“Returning to a small size and pure simplicity was the idea when we started working on this GT concept in the summer of 2014,” Mark Adams, vice president of Opel/Vauxhall design in Ruesselsheim, Germany, said. “But we did not do anything retro. That wasn’t the way to go. What we did was draw from the past to make it fit today.” Still, the show-stopping GT displayed at March’s Geneva Motor Show expressed the same character as the original GT from 50 years earlier.

“Most important, it is small again and with proportions to make it feel admirable, not a super car which its technical layout says it isn’t.” The new GT is only 385 cm long, 168 cm wide and 118 cm tall. Adams: “That gives the model a smaller footprint than the Corsa. Yet, with rear-wheel drive, a 145hp three-cylinder engine placed behind the front axle-line and weighing under 1000 kg, it is a real sports car. Just like the original GT which in its day was more of an icon than the Opel Manta.”

On first acquaintance, onlookers are surprised by this new GT. It is small indeed, very nimble, and stands out for its pure presence and simplicity. But the lack of a clear beltline by virtue of the fact that the side windows are body-coloured, gives the car totally different, almost minimalistic proportions. “But that’s the essence of the car,” Adams explains, adding that Opel CEO Karl-Thomas Neumann was shocked when he first saw the body-coloured side windows before agreeing.

This application has taken the effect of dark smoked glass one step forward, just as you can see on modern public transport buses where adverts entirely cover the windows! Opel’s well-known ‘blade’ graphics on the side panels are re-interpreted in a more sculptural way and the rear hips are very characteristic because the body volume flows up from the rear wheel centre line.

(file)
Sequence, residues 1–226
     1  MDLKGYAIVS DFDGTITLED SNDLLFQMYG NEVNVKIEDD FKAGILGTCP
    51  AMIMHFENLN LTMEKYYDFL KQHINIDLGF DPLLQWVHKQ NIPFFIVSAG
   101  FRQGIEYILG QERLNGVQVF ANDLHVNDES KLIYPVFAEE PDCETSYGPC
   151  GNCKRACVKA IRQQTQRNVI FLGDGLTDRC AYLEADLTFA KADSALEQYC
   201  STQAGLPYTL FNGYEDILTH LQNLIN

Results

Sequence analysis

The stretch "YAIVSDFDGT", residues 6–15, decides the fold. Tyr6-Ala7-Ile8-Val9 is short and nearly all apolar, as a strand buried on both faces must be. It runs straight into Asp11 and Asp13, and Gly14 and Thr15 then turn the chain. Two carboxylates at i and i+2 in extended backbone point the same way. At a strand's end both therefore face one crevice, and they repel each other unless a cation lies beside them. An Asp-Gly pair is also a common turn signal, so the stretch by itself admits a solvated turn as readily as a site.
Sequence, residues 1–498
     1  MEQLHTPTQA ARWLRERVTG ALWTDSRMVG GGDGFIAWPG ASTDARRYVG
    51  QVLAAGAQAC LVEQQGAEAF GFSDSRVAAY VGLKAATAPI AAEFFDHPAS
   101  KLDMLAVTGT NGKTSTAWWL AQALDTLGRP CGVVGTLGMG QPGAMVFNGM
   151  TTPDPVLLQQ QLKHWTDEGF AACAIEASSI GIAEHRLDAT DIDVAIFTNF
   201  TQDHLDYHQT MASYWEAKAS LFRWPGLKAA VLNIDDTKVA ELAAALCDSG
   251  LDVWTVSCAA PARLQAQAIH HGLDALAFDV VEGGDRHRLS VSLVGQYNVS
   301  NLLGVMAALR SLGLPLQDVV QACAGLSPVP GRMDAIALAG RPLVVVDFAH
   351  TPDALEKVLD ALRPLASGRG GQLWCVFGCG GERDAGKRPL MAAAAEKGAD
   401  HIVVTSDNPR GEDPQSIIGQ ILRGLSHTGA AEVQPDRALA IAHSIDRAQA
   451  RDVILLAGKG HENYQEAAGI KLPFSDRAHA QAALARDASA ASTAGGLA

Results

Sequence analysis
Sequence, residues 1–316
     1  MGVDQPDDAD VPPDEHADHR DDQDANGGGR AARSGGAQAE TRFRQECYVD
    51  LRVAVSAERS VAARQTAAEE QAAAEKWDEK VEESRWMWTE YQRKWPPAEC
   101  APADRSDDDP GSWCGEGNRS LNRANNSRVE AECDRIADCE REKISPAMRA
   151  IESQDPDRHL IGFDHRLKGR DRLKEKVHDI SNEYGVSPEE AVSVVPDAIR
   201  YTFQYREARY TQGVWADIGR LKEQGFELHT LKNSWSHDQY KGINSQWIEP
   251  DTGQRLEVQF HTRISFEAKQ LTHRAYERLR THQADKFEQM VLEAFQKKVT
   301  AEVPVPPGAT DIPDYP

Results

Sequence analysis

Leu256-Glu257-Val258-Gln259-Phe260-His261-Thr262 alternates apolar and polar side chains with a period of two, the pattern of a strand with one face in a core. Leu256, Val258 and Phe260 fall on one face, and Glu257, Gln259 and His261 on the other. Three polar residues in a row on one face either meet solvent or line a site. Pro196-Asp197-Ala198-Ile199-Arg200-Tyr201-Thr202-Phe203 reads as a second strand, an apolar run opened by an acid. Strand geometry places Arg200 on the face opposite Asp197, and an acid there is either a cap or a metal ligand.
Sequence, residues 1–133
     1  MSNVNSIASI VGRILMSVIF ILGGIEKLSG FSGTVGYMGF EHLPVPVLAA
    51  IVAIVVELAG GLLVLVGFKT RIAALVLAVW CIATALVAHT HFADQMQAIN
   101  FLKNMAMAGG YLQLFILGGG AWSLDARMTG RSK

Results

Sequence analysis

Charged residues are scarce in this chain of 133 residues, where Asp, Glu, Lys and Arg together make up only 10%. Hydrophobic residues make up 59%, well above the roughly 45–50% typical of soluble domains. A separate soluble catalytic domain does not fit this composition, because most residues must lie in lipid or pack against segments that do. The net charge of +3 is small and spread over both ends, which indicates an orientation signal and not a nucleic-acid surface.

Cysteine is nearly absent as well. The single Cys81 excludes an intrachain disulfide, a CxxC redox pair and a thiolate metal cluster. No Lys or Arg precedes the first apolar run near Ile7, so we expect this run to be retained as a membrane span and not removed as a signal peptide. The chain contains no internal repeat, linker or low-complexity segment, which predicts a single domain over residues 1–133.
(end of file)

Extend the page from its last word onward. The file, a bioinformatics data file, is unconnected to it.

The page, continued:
The lack of a vertical shut-line between door and front wing comes from the ingenious door hinges, positioned well forward of the A-post and hidden behind the actual wing panel. This is the work of Opel’s packaging mastermind Frank Leopold who tried to create a wider entrance than the small body would allow. The total expression of the Opel GT results from its innovative graphics. A red belt running from the front wing sweeping up over the door opening towards the rear plus the contrasting dark smoked yet transparent rooftop enhance the outspoken silhouette. “Yes, with this concept, Opel’s and General Motors’ traditional clarity of design, which was lost for a while, is back again,” Adams concludes.

Inside, the very low doors, whose size is hidden on the outside by the grey side window application, surprise and create a spacious environment. The same effect comes from the downward inclination of the dashboard towards the floor creating extra legroom just as in many production Opels from the past. The button-less instrumentation – every function is operated by a touchpad – also adds to the simplicity. The instruments themselves have a very three-dimensional effect. The GT design was chosen out of 5 proposals and then executed in Opel’s advanced design studio under studio chief Friedhelm Engler and project leader Boris Jacob.

Full article in Auto&Design no. 218